On October 29, 1999 the federal government announced its plan to implement what stands as the biggest pay equity pay out in history. It was sweet victory for the Public Service Alliance of Canada (PSAC), which filed the original complaint to the Canadian Human Rights Commission on behalf of its members in 1984.
Fair pay means that the work women and men do is equally respected and valued. Unfortunately, this is not the reality for many workers in Canada, where there is still a big gap between what women and men earn. Thanks to the labour movement, this pay gap is already much less for women with unions, but income equality for all working women is the ultimate goal.
For decades, the labour movement and women’s organizations have pushed for improvements to the federal pay equity system, calling for a shift from a complaints-based approach toward proactive legislation. This was a key demand of the Canadian Women’s March 2000, when thousands of women, trade unions and national women’s organizations mobilized for a comprehensive strategy to end poverty and violence against women.
In 2001, a federal Pay Equity Task Force was appointed, and after an extensive and exhaustive process, made over a hundred important recommendations to address the gender wage gap in Canada. Their 2004 report also recognized that wage discrimination exists for people with disabilities, Indigenous workers and racialized workers.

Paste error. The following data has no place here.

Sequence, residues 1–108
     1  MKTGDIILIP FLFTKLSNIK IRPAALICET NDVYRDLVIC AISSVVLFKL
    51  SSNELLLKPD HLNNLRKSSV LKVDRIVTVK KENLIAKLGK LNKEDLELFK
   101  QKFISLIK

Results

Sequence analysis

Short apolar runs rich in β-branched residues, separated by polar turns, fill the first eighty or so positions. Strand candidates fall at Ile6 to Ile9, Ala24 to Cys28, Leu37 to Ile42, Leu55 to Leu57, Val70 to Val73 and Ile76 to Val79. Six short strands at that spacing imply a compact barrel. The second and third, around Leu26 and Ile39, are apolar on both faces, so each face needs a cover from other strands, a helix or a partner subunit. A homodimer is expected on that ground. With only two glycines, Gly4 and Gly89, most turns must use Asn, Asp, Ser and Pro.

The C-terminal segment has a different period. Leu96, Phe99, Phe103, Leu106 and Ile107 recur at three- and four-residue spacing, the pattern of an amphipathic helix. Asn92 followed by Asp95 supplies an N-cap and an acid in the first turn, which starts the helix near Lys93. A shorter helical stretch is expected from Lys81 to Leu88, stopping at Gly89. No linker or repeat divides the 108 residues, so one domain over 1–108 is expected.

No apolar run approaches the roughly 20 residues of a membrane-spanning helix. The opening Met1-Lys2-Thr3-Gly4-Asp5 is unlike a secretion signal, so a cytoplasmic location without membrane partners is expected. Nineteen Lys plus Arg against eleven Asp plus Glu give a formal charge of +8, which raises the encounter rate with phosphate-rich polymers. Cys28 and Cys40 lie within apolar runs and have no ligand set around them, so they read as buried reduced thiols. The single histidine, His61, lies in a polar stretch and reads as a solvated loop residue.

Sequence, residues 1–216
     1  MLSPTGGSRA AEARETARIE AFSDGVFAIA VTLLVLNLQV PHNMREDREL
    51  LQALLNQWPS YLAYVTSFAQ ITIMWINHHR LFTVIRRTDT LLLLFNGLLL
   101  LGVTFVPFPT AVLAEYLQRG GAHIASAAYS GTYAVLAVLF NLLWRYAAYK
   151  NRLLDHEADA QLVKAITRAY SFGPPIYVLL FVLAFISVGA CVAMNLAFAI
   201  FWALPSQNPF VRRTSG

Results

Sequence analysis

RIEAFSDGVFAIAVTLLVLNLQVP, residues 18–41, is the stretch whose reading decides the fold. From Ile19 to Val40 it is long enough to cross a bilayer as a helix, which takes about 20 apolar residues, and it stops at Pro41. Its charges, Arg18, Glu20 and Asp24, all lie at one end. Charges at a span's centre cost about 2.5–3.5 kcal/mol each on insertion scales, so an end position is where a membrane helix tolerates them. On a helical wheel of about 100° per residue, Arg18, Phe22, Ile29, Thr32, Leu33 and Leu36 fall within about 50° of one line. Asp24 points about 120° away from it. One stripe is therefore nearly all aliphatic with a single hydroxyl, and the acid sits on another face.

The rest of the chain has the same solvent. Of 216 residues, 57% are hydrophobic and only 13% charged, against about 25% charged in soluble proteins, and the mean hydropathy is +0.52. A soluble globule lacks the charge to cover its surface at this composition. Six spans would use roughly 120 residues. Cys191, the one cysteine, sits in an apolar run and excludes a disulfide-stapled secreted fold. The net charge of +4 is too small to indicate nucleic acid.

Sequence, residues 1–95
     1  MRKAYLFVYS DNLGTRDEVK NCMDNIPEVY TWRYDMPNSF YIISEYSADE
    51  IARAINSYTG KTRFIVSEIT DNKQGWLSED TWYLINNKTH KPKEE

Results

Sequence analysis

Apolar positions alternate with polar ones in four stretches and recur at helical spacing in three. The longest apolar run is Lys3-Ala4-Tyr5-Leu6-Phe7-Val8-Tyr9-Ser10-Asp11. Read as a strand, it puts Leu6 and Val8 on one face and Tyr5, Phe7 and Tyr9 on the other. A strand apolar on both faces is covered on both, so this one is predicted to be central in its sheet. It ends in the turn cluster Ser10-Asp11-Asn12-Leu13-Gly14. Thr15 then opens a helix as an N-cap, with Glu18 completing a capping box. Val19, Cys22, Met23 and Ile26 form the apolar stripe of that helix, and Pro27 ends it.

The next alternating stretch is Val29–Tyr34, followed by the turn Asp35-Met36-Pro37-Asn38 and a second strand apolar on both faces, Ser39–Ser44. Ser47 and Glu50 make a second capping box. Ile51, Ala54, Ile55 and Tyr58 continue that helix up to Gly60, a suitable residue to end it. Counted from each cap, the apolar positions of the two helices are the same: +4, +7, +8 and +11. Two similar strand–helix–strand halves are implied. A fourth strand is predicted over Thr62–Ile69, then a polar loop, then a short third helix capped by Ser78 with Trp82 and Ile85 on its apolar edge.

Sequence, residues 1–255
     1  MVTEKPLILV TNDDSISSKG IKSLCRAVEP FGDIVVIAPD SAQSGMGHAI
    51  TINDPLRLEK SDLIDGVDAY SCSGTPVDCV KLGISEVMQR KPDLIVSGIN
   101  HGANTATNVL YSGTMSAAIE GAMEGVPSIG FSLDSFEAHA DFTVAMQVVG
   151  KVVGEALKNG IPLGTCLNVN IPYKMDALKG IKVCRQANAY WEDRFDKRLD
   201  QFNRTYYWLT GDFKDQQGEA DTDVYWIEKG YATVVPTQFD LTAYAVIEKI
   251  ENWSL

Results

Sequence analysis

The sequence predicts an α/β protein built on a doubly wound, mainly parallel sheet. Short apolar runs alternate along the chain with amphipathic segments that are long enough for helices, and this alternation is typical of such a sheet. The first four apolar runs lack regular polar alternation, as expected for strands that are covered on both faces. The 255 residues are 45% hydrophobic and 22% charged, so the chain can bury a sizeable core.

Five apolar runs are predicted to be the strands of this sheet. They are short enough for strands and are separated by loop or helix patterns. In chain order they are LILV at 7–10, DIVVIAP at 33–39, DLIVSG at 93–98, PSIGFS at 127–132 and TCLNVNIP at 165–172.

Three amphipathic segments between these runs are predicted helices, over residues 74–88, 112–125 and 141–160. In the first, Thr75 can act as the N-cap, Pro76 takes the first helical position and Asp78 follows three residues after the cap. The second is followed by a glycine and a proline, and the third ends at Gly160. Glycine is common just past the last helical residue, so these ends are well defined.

Canada’s unions have been hard at work to ensure the Task Force recommendations are put in place. They condemned the current Liberal government’s decision to delay any action on pay equity until 2018, despite the lofty campaign promises and publicly stating that having a gender wage gap in Canada today is unacceptable. After two years in power, they have also failed to eliminate the Conservative’s Public Sector Equitable Compensation Act, legislation takes away the right of women federal public servants to equal pay for work of equal value.
Only two provinces – Ontario and Quebec – have proactive pay equity laws covering both public and private sector workers. Under these laws, employers must take active steps to identify and eliminate wage discrimination. Several provinces have no pay equity legislation at all. Unions push for proactive pay equity laws in all jurisdictions to make sure that workers in both the public and private sectors have their rights respected.
Collective bargaining and pay equity measures significantly reduce the wage gap for women. That’s because together, women and their unions negotiate pay that reflects their skills, education and responsibilities. And that fair pay puts more into women’s pockets to spend on their families and in their communities.